Covering events from January - December 2003

Many people faced food shortages as a result of floods and drought. Important trials represented some progress in tackling corruption. Despite police reforms, there were a number of allegations of torture and of excessive use of force and firearms. There were reports of trafficking in people and body parts.


Hundreds of thousands of people suffered food shortages as a result of floods in the north and centre and drought in the centre and south of the country. In June the government set up a research body to monitor its poverty reduction programs which included strategies for gender equality and combating HIV/AIDS.

In March the government declared that it had fulfilled its obligations under the Ottawa Convention by destroying its last stocks of anti-personnel landmines. Some minefields remained to be cleared at the end of the year.

Former soldiers of the Resistência Nacional Moçambicana (RENAMO), Mozambique National Resistance, who continued to guard RENAMO's former military stronghold in Marínguè, Sofala province, reportedly surrounded the local police station for several hours in September.

Elections in 23 urban and 10 rural municipalities in November returned the ruling Frente da Libertação de Moçambique (FRELIMO), Front for the Liberation of Mozambique, to power in most areas. The RENAMO-União Eleitoral, RENAMO-Electoral Union, which had boycotted municipal elections in 1998, gained a majority in Beira and three other areas.

In December the Assembly of the Republic passed a new family law establishing gender equality.

Steps to end impunity for corruption and organized crime

In January, six men were convicted of the murder of Carlos Cardoso, editor of a daily newspaper, in November 2000. The journalist had been investigating a US$14 million fraud at the state-run Commercial Bank. Two businessmen and a former bank manager were convicted of contracting the murder of Carlos Cardoso and the three others of carrying out the killing. Five received prison terms of 23 years and six months each, and one, Aníbal dos Santos Júnior, was sentenced in absentia to 28 years' imprisonment for the murder and related offences. In December the Attorney General visited the six men in prison after hearing that they were being held in leg-cuffs or chains, apparently as a security measure. He declared such restraint illegal. A few days later, the businessmen and bank manager went on trial in connection with the bank fraud.

In September a court acquitted seven police officers who had been charged with assisting Aníbal dos Santos Júnior to escape from prison in September 2002. The judge said that the defendants had been used as scapegoats to "protect those who were untouchable". Investigations continued into the murder of economist António Siba-Siba Macuácua in August 2001.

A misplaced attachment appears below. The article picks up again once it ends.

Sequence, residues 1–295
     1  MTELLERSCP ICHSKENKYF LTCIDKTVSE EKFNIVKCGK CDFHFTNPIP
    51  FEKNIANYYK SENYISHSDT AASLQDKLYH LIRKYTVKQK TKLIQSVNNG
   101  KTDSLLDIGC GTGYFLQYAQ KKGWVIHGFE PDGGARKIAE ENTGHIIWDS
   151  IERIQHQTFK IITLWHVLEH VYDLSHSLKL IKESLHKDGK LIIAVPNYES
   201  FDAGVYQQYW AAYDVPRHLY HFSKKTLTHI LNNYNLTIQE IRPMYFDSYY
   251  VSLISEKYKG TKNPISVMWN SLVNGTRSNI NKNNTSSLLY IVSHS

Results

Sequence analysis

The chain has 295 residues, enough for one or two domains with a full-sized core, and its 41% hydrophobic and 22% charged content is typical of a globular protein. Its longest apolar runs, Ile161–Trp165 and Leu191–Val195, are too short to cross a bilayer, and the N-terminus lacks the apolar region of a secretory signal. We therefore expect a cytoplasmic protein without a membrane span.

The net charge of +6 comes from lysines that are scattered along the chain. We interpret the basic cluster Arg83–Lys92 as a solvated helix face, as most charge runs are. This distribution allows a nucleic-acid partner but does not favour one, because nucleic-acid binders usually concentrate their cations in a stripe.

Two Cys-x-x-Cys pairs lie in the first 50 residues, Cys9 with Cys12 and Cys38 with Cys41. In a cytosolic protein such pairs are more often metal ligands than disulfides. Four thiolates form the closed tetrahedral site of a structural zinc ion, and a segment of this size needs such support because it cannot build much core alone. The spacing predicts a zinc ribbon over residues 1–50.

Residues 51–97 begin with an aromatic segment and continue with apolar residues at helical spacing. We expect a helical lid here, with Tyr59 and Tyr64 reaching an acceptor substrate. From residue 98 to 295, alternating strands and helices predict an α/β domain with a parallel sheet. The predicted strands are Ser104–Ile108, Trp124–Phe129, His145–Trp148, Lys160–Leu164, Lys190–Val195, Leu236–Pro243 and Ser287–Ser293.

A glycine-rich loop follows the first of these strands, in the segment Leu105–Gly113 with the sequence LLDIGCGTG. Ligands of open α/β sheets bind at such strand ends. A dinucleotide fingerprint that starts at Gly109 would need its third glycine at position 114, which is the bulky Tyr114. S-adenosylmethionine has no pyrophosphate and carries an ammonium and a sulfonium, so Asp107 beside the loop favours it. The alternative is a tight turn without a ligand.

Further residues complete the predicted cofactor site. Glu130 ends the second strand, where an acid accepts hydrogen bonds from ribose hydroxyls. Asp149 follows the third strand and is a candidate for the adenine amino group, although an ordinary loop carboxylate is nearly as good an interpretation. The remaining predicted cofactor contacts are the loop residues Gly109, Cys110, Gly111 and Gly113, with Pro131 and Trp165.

He had been investigating corrupt practices and attempting to recover bad debts which had led to the collapse of the Austral Bank in April 2001.

The National Assembly passed an anti-corruption law in October compelling high-ranking civil servants to declare their wealth on taking up their posts.

Torture and excessive use of police force

There were further reports of torture, although 2003 saw a decrease in such reports.

  • Paramilitary police arrested Francisco Alberto Come in Maputo in January without giving a reason. They reportedly beat him with batons and kicked and punched him, inflicting serious wounds, and then took him to a police station. He was subsequently hospitalized. The Mozambique Human Rights League (MHRL) lodged complaints with the police and the Procurator General's Office, but no criminal investigation had apparently been initiated by the end of the year.

Police shot dead criminal suspects in circumstances which suggested inadequate training in the use of force and firearms. In some cases the police announced that inquiries were being held but the results of such investigations were apparently not made public.

  • Virgílio Amade, a former worker in the former German Democratic Republic (GDR), died after being hit by a police bullet in Maputo in September during one of the regular demonstrations in support of the GDR workers' pay claims. A ballistics investigation reportedly confirmed that the bullet came from a police weapon. A criminal investigation was ongoing at the end of the year.
  • A police officer was detained after shooting dead 18-year-old Carlos Faruca in Beira in October. The officer reportedly claimed that he had acted in self defence when Carlos Faruca and other unarmed youths tried to steal his mobile telephone. He was detained awaiting trial at the end of the year.

People trafficking

Reports indicated that networks of traffickers took women and girls to South Africa to serve in the sex trade or in other forms of forced labour. Some victims were reportedly lured by the offer of jobs while others were said to have been taken there by force.

There were also reports of a trade in body parts, apparently for ritualistic purposes. Many of the victims were children.

  • A woman saved the life of a nine-year-old boy whom she found beside a road in Chimoio in October. His genitals had been removed. According to reports, a businessman had offered money to procure the genitals and an intermediary contracted a man and a woman to carry out the mutilation. After intensive pressure from the Beira office of the MHRL, all four were arrested. At the end of the year they were still awaiting trial.

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